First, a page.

There is a story about how the modern golf ball, with its dimpled surface, came to be: In the mid-1800s, it is said, new golf balls were smooth, but became dimpled over time as impacts left permanent dents. Smooth new balls were typically used for tournament play, but in one match, a player ran short, had to use an old, dented one, and realized that he could drive this dimpled ball much further than a smooth one.
Whether that story is true or not, testing over the years has proved that a golf ball's irregular surface really does dramatically increase the distance it travels, because it can cut the drag caused by air resistance in half. Now researchers at MIT are aiming to harness that same effect to reduce drag on a variety of surfaces -- including domes that sometimes crumple in high winds, or perhaps even vehicles.
Detailed studies of aerodynamics have shown that while a ball with a dimpled surface has half the drag of a smooth one at lower speeds, at higher speeds that advantage reverses. So the ideal would be a surface whose smoothness can be altered, literally, on the fly -- and that's what the MIT team has developed.
The new work is described in a paper in the journal Advanced Materials by MIT's Pedro Reis and former MIT postdocs Denis Terwagne (now at the Université Libre de Bruxelles in Belgium) and Miha Brojan (now at the University of Ljubljana in Slovenia).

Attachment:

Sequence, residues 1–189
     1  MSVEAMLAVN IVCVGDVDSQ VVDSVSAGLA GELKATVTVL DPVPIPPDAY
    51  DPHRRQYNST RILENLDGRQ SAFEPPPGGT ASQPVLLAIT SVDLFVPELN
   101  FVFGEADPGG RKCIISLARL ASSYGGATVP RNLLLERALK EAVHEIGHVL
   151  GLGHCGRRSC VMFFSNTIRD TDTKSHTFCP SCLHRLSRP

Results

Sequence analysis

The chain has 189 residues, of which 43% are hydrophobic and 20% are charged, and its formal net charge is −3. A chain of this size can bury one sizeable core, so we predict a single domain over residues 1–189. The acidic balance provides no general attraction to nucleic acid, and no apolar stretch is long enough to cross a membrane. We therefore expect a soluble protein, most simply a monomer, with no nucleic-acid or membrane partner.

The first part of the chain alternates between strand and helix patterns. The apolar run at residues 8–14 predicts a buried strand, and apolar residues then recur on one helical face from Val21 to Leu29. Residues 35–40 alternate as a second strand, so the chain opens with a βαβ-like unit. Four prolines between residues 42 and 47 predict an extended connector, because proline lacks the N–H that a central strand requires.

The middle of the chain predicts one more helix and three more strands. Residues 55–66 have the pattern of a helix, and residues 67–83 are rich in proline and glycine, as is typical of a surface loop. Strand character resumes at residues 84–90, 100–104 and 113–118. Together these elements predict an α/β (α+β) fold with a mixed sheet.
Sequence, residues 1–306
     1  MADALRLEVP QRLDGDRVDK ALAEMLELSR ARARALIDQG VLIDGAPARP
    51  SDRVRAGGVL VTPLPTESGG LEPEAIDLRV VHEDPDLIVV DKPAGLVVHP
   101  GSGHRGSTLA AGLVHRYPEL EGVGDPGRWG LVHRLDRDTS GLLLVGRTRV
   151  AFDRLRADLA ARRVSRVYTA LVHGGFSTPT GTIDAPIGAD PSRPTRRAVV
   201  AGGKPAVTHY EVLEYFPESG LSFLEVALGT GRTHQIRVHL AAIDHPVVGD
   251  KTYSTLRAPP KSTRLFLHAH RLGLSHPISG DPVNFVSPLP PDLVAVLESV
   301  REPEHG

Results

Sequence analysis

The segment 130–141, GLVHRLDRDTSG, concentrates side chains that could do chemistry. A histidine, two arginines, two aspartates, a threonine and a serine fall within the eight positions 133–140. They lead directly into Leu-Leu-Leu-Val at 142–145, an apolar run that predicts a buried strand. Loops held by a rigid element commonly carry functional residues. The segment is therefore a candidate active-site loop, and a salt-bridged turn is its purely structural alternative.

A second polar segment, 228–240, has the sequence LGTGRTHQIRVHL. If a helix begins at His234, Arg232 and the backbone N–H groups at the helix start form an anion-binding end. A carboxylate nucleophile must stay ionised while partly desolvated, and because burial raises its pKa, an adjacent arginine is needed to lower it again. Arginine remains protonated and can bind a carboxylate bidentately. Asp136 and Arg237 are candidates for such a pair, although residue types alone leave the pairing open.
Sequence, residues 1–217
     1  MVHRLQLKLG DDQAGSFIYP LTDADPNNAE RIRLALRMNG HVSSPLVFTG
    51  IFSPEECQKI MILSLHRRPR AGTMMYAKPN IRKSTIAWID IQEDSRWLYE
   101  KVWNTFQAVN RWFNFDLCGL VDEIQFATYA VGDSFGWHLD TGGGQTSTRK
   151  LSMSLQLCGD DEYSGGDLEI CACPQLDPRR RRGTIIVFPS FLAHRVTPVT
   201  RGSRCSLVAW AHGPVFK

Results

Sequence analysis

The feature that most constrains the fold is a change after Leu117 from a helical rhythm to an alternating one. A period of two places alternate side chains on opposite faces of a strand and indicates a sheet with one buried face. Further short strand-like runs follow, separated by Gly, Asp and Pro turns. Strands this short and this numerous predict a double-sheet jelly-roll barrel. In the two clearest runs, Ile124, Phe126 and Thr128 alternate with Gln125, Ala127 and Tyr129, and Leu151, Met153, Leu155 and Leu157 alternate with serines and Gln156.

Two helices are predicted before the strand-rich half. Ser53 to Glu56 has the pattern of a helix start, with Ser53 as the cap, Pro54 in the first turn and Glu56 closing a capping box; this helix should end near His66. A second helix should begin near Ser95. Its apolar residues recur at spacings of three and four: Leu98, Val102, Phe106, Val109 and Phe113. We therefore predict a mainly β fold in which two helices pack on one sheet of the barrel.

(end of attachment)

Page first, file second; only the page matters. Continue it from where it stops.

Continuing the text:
Shrinking leads to wrinkling
The ability to change the surface in real time comes from the use of a multilayer material with a stiff skin and a soft interior -- the same basic configuration that causes smooth plums to dry into wrinkly prunes. To mimic that process, Reis and his team made a hollow ball of soft material with a stiff skin -- with both layers made of rubberlike materials -- then extracted air from the hollow interior to make the ball shrink and its surface wrinkle.
"Numerous studies of wrinkling have been done on flat surfaces," says Reis, an assistant professor of mechanical engineering and civil and environmental engineering. "Less is known about what happens when you curve the surface. How does that affect the whole wrinkling process?"
The answer, it turns out, is that at a certain degree of shrinkage, the surface can produce a dimpled pattern that's very similar to that of a golf ball -- and with the same aerodynamic properties.
The aerodynamic properties of dimpled balls can be a bit counterintuitive: One might expect that a ball with a smooth surface would sail through the air more easily than one with an irregular surface. The reason for the opposite result has to do with the nature of a small layer of the air next to the surface of the ball. The irregular surface, it turns out, holds the airflow close to the ball's surface longer, delaying the separation of this boundary layer. This reduces the size of the wake -- the zone of turbulence behind the ball -- which is the primary cause of drag for blunt objects.